Well pleased

What are the things that please you? What are the things that really make you happy or gives you pleasure? For me there are many things: spending time with my family gives me great pleasure. I just enjoy those moments when the family come home and we’re all together again; I enjoy good food with good friends where I can laugh out loud; I enjoy quiet moments by the sea; I take great pleasure in listening to and making music. The list could go on and on but here’s my thought: what are the things that please God?

It was a cold autumn morning, the kind that is sunny, dry and crisp with the temperature hovering just above freezing. My wife and I were walking in the Forest and the following verse came to mind:

Luke 3:22 — … “You are my beloved Son; with you I am well pleased.”

I began to think about Jesus and how, in Luke 3, His ministry hadn’t really started yet. There had been no great miracles (that we know about), no recorded healings, or powerful preaching. Jesus, for around 30 years prior to Luke 3, had been a builder in his step dad’s building firm, in the back-end of Israel in a town called Nazareth (known for it’s “back-endedness” (John 1:46)). This is what makes this statement so extraordinary to me. Jesus hadn’t “done” anything and yet God says to Him “I am well-pleased”. Why was God already well pleased with Jesus? Well I think the text says it all .. “You are my beloved Son”. In other words, before Jesus had performed His first miracle, healed His first sickness, cast out His first demon or preached His first sermon, He was already pleasing to his Father precisely because God was His father and He was His Son.

Now, think with me for a moment about how this monumental truth impacts us. In his book, “Knowing God”, J.I. Packer asks the question: “What is a Christian?”

The question can be answered in many ways, but the richest answer I know is that a Christian is one who has God as Father…Our understanding of Christianity cannot be better than our grasp of adoption…The truth of our adoption gives us the deepest insights that the New Testament affords into the greatness of God’s love. Were I asked to focus the New Testament message in three words, my proposal would be adoption through propitiation, and I do not expect ever to meet a richer or more pregnant summary of the the gospel than that.

In other words: the Christian faith isn’t based on what you can do for God but precisely on your identity as a Son. How do you become a Son? Paul put it this way:

Galatians 3:26 – For you are all sons of God through faith in Christ Jesus.

Paul says that it is through faith in Christ Jesus. That’s another way of saying “believing on the the Lord Jesus” (Acts 16:31). Believing what? Well, believing that you were once a “son of disobedience” (Colossians 3:6) and in need of salvation. That means trusting that what Jesus did (dying on the cross to take away your sins and in their place giving you life in Him) is actually true and enough to save you. The visible, tangible result of believing this is to have a change of mind about your condition, status and identity – and you’re now living that as if it were true (a.k.a. “repentance”).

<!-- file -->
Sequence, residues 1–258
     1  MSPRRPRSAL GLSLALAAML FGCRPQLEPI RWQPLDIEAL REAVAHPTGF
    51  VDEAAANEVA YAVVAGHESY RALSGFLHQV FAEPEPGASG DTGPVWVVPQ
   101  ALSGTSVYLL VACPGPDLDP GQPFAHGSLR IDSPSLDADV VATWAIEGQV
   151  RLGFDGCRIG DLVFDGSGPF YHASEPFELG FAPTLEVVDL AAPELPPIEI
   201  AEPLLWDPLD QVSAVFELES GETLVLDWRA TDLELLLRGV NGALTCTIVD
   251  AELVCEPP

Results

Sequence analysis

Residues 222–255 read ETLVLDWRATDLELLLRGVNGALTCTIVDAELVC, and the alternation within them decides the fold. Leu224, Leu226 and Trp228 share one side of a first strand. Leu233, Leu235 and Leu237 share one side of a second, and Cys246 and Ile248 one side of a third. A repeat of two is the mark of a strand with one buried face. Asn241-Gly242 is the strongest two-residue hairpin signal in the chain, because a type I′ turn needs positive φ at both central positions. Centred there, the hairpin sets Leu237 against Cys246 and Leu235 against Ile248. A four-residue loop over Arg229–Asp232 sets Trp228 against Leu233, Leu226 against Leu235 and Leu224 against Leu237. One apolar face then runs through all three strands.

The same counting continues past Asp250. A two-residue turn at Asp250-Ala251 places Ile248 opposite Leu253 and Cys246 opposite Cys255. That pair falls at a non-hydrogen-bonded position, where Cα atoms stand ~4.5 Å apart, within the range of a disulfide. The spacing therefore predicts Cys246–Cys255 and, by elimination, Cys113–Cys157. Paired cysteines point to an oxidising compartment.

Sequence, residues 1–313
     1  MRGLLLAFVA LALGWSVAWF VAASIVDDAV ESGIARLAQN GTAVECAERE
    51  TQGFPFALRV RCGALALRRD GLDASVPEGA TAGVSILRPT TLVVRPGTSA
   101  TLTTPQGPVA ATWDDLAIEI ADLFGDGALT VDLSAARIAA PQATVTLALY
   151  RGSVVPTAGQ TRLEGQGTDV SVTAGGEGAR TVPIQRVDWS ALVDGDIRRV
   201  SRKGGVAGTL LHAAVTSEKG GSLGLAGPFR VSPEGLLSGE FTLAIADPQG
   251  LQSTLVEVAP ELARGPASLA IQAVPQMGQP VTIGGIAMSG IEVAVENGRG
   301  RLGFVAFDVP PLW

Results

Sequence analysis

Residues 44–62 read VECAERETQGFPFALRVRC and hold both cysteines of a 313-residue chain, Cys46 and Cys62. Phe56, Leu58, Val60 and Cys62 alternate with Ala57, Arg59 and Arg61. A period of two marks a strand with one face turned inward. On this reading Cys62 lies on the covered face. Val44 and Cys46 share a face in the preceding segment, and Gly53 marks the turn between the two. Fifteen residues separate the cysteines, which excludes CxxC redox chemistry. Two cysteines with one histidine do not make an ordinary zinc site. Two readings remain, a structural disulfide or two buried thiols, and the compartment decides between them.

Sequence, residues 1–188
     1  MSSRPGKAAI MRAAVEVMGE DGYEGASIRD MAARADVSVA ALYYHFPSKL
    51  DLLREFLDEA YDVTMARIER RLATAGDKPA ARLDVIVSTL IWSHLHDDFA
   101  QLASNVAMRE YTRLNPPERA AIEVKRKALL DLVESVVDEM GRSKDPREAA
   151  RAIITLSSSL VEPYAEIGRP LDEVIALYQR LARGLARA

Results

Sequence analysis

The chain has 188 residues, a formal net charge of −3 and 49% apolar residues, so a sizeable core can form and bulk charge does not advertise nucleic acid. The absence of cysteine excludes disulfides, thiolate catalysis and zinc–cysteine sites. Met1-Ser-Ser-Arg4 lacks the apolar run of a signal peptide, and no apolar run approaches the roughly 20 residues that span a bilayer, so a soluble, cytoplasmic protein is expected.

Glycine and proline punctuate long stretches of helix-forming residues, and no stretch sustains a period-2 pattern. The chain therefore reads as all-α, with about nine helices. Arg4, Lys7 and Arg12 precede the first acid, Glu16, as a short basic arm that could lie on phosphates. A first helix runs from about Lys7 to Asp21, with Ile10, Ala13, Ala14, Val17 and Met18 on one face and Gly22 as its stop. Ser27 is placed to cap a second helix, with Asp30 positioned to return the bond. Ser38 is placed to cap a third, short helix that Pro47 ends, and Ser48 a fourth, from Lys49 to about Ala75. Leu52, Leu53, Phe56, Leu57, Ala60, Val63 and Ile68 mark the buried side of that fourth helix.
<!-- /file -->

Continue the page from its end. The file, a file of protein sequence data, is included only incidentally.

Adoption means that as a Christian, you’re loved, you’re forgiven, you’re cared for, you’re accepted, you’ve found favour in the sight of God, you don’t have to impress anyone you don’t have to do anything.

Ephesians 1:5 (ESV) — 5 he predestined us for adoption to himself as sons through Jesus Christ, according to the purpose of his will,

Because of adoption, Christians are introduced into and given the privileges of God’s family. Because of adoption I open my Bible to hear from Him, not because I’ll impress Him, but because I need to hear my Father wisdom. I pray and seek His face, not because I’ll please Him (although i think I do), but I am reminded of weaknesses and just how impossible it is for me to please Him. THe write of Hebrews prayers this prayer:

Now may the God of peace who brought again from the dead our Lord Jesus, the great shepherd of the sheep, by the blood of the eternal covenant, equip you with everything good that you may do his will, working in us that which is pleasing in his sight, through Jesus Christ, to whom be glory forever and ever. Amen. (Hebrews 13:20–21)

Notice the two things that the writer prayers for:

  • Good things – That God would give us every good thing so that we may do God’s will. Everything good is another way of saying “JESUS!”. It’s referring to all that God has completed for us in Him. Look at what He had previously said about good things:

Hebrews 10:1 – “For since the law has but a shadow of the good things to come instead of the true form of these realities, it can never, by the same sacrifices that are continually offered every year, make perfect those who draw near.”

So the author of Hebrews prays that God would equip us with all good things – namely, the benefits of the gospel.

  • Work in us – God does not primarily equip us by giving us tools and gifts to go work for him.The way in which God equips us is by taking residence in us and Himself working his will in us. In the context of adoption and God’s work in us Paul makes it clear that it is the Holy Spirit who is doing this work:

Galatians 4:6 (ESV) — 6 And because you are sons, God has sent the Spirit of his Son into our hearts, crying, “Abba! Father!”


Romans 8:14 – For all who are led by the Spirit of God are sons of God

So in conclusion my thoughts are these: rest. Rest in the knowledge that your trust and faith in Him, The Holy Spirit’s work in you, will bring about every good work in you so that you are called a Son of God .. and more … that the Father will say to you “with you I am well pleased.”



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